I won’t feel sorry for Ike and I won’t feel sorry for me either. I have two feet. And they took me to a good place.


His dreadlocks bounced wildly as he danced with all his might. He asked for money as a broad grin across his face, then picked up the pace of his unskilled tapping. I asked his name as I fished out my less-than-generous donation.
“I’m just trying to earn an honest living,” he boasted. He had two feet and he was using them to make a racket.
“What about those shoes?” I asked.
He bent his leg to show me the taps then showed off his container of spare tacks.
“Do you dance all day?”
“No, just a couple a hours.”
Keep smiling Harlan.


He had a decent bicycle and he had two feet. One rested on the pedal, the other supported his weight. He called out to me, “Hello there.”

My instinct was to ignore him. Instead, I simply responded, “Hello,” you know, like he was a fellow human being.
He asked, “Are you from here?”
“No, are you?”
“Born and raised!”
Having a little difficulty hearing his low voice, I stepped closer.
“That sure is a pretty blouse you are wearing.”
“Thank you. What’s in the case?”
“A guitar, I play real good.”
I’m sure he does.
I asked his name and told him mine. He repeated it and complimented me again. Told me he liked my sunglasses. Oh, you mean the ones I wore so I could pretend not to see you? I walked on. He didn’t ask for anything except to be treated with courtesy. It cost me nothing, but gave me great satisfaction. He put his feet on the pedals and headed the opposite direction.


My feet were dragging a bit. The disease makes them heavier as I walk, but I was unusually grateful to have them. I was thankful for my shoes too. I was particularly glad I didn’t live under a bridge, but I was also thankful for the people I met who did and managed to still be people; not bitter people, not ungrateful people, not scary people, just people. I’m glad I visited them. And I’m glad I skipped the pedicure. Looks like I didn’t need it after all.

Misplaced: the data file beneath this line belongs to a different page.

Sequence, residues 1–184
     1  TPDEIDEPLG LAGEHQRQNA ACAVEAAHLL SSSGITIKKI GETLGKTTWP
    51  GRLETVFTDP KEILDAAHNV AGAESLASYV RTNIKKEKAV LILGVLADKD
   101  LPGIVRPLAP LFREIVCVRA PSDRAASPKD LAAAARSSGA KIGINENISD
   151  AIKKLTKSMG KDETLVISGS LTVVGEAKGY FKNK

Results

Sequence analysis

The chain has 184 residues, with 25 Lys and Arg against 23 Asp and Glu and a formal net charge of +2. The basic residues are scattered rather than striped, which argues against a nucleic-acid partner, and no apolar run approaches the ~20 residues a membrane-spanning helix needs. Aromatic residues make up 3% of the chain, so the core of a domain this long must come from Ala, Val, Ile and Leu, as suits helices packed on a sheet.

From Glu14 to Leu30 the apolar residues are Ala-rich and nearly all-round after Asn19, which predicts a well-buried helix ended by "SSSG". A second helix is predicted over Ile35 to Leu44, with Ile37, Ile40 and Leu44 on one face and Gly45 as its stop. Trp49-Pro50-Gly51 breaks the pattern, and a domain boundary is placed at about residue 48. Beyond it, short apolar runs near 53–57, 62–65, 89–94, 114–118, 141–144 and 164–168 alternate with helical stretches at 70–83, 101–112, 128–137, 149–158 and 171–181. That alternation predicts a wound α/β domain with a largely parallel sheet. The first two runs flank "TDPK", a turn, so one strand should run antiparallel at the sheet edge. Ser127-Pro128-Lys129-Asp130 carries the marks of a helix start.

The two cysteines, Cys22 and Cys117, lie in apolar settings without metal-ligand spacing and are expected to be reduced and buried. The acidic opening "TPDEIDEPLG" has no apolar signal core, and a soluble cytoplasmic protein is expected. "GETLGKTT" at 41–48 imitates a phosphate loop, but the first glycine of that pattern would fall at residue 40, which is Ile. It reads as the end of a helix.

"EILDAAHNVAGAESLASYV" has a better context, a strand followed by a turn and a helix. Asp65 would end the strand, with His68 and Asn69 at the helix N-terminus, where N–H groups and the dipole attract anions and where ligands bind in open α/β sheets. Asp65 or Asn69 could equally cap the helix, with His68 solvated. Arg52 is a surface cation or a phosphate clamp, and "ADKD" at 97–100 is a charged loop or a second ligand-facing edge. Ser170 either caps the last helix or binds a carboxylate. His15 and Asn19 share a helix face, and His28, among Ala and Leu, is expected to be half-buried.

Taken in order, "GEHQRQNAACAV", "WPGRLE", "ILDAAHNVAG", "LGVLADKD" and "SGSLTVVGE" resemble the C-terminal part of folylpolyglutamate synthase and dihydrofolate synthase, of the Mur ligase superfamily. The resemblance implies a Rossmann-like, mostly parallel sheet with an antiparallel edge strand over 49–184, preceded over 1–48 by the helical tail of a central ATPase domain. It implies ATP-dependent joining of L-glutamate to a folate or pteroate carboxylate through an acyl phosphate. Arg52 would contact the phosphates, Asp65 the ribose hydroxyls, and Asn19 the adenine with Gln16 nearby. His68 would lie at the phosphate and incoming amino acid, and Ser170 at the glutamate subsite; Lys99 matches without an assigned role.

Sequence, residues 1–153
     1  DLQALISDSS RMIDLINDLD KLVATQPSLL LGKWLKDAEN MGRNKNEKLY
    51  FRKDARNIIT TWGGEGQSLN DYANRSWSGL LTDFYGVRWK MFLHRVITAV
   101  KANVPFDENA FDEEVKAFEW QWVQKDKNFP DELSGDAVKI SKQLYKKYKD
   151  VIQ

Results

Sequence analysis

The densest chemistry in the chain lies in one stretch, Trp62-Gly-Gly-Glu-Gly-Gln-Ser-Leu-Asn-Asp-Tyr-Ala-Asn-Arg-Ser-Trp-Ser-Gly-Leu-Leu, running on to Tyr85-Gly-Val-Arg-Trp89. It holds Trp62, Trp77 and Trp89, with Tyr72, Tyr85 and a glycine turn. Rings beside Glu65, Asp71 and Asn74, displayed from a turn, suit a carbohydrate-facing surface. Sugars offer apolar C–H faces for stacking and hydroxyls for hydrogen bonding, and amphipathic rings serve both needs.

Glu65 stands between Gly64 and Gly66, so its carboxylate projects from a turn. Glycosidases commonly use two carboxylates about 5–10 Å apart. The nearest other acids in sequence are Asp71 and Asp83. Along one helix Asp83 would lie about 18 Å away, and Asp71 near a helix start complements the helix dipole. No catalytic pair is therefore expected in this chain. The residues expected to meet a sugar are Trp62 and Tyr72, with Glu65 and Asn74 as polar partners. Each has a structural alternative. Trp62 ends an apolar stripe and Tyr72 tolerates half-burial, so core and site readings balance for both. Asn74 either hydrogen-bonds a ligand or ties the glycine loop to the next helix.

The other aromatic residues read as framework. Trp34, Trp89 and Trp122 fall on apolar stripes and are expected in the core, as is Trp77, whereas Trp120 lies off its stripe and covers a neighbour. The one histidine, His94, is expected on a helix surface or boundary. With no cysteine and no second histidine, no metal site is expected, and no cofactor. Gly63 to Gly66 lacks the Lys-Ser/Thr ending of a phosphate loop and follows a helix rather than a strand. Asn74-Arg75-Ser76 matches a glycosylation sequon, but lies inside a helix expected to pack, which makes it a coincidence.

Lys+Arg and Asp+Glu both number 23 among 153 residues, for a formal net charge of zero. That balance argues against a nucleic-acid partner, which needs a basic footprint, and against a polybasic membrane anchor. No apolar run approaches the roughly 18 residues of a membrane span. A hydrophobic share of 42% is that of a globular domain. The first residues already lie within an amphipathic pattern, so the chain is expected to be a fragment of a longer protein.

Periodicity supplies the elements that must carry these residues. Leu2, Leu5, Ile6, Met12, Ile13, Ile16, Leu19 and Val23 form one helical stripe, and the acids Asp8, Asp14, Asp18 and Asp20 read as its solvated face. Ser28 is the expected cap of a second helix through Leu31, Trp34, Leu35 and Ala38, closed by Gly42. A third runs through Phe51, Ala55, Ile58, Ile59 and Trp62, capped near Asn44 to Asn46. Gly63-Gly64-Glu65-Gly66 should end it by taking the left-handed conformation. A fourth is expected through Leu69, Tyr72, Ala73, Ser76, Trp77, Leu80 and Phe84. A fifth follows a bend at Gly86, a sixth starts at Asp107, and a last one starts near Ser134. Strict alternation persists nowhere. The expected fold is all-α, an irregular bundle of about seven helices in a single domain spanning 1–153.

Isaiah 52:7, “How beautiful on the mountains are the feet of those who bring good news, who proclaim peace, who bring good tidings, who proclaim salvation, who say to Zion, ‘Your God reigns!’” NIV

Listen to what’s being done for homelessness in my hometown by clicking here

9 thoughts on “It’s not safe with the homeless, or is it?

  1. Last year I took my mom to New Orleans for her birthday. We spent a week there, and loved every minute of it! In New Orleans, it’s custom to wear a dollar bill on your shirt for your birthday and people give you money or gifts when they see it, and usually get a bit loud with their “happy birthday”. That day, a homeless man gave her a dollar for her birthday. The next day we saw him while we were listening to zydeco music. He was standing outside the venue, and I went up to him and asked him to join us, but being homeless, he wasn’t allowed inside. So we went outside with him and listened. He was a veteran who also had medical problems, diabetes being one of them. He showed me his feet and his toes were black. It broke my heart. Not one time did he ask us for anything more than we were giving him, which was only our conversation and time. It made a lifelong impression on me.

  2. One of my favorite scriptures that has significant meaning to me because sometimes I have foot problems. But I still have two feet! I wish I had been with you on your walk. Treating people with dignity and kindness is so important.

  3. This story on your blog stuck in my mind the other day while shopping at a local shoe store. We grabbed what we needed quickly to check out, but then I noticed an older lady with long gray hair, dressed in rags, trying on some boots…this lady works at krogers and she walks up and down military road (in Benton) everyday with her bags. I thought often that I wished someone would give her a ride. Anyway, I bought those boots for her and I know they will walk many miles each day getting her to work and home. Thank you for sharing your heart and your stories and inspiring others!

It's more fun when you join the conversation